Priority 2:    An action that must be taken to prevent a significant
                      decline in the species' population/habitat quality or some
                      other significant negative impact short of extinction.

       Priority 3:    All other actions necessary to meet the recovery objective.



Key to Acronyms used in Implementation Schedule:

Annual - Task expected to occur annually until species recovered.
Berry - Berry Botanical Garden
BLM- Bureau of Land Management
CITY- City of Sutherlin
COE- Corps of Engineers
DSL- Oregon Division of State Lands
EPA- U.S. Environmental Protection Agency
FHA- Federal Highway Administration
FWS- U.S. Fish and Wildlife Service, Oregon Fish and Wildlife Office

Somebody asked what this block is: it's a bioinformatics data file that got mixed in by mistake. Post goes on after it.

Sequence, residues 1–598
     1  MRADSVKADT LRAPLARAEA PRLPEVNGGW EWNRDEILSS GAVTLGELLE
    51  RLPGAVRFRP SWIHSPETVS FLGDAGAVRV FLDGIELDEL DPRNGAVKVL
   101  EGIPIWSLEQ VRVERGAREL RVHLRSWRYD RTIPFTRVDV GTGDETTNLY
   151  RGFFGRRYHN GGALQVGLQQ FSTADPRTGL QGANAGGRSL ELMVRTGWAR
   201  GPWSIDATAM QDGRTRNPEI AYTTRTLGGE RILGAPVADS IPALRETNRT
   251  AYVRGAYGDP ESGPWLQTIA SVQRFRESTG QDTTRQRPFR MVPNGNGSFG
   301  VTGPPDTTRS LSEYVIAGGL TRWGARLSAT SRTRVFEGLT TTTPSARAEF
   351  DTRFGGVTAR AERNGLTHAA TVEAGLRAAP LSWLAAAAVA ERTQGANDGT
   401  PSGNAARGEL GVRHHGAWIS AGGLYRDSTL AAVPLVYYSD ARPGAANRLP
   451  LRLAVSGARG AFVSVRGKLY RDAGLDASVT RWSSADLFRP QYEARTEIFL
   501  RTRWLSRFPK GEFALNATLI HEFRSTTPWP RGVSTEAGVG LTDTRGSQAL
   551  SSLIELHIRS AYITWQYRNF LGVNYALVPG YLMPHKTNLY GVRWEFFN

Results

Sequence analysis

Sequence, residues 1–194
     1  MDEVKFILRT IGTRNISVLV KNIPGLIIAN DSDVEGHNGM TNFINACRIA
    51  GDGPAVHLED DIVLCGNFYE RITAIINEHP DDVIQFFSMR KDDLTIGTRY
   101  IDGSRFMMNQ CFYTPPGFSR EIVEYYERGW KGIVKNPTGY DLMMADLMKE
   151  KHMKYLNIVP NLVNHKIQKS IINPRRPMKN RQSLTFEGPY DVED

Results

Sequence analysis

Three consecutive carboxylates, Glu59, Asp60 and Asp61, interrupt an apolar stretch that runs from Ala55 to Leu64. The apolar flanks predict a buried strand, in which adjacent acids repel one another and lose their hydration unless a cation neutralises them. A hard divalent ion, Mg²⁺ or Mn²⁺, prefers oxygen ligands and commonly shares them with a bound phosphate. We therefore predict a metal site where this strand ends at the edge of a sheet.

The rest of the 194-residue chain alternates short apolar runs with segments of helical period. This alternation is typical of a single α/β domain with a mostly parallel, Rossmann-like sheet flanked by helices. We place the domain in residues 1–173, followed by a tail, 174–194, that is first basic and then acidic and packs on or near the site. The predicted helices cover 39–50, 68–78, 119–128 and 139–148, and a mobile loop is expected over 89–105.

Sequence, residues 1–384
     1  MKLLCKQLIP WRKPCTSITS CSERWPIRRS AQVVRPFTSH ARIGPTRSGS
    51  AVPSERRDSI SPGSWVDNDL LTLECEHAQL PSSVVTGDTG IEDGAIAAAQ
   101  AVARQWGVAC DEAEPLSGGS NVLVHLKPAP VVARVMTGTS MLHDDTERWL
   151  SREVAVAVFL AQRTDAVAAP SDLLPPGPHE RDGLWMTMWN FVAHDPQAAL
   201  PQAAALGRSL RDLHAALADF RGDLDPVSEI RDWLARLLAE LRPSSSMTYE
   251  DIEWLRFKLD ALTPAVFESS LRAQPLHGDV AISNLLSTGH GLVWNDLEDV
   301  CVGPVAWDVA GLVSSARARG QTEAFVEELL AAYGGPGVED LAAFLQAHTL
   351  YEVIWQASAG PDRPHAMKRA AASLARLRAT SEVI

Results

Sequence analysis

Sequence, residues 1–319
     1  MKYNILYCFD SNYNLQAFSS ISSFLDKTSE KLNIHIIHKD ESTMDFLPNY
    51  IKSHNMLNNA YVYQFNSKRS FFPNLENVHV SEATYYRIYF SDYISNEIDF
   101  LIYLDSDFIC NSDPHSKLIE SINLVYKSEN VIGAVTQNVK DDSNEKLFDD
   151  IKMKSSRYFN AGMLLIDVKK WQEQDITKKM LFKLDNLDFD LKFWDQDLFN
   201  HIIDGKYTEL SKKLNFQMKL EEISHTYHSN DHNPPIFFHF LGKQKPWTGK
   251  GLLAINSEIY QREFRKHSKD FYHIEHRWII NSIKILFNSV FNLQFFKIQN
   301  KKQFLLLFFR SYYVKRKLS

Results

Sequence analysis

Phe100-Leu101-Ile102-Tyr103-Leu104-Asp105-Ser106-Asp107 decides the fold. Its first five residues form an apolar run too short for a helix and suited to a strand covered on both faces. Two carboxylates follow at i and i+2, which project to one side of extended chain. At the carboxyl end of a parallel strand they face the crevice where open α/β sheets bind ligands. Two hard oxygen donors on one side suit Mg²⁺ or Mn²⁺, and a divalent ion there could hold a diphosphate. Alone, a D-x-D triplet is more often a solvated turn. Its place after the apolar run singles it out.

ODA- Oregon Department of Agriculture
ODOT- Oregon Department of Transportation

Total Cost- Projected cost of task from start to completion. Total cost of “annual”
tasks are based on estimated time to downlisting (10 years).
* - Lead Agency


                                        37
                              Recovery Plan Implementation Schedule for the Rough Popcorn Flower
                                                                                   Cost Estimates, in thousands of dollars per
     Priority   Task      Task Description      Duration   Responsible   Total   fiscal year
         #      #                               (Years)    Party         Cost    FY1     FY2       FY3       FY4       FY5

     Conserve and manage 9 recovery units

     1          1.1.1     Evaluate the status   1          FWS*, ODA,    30      30
                          of all existing                  ODOT,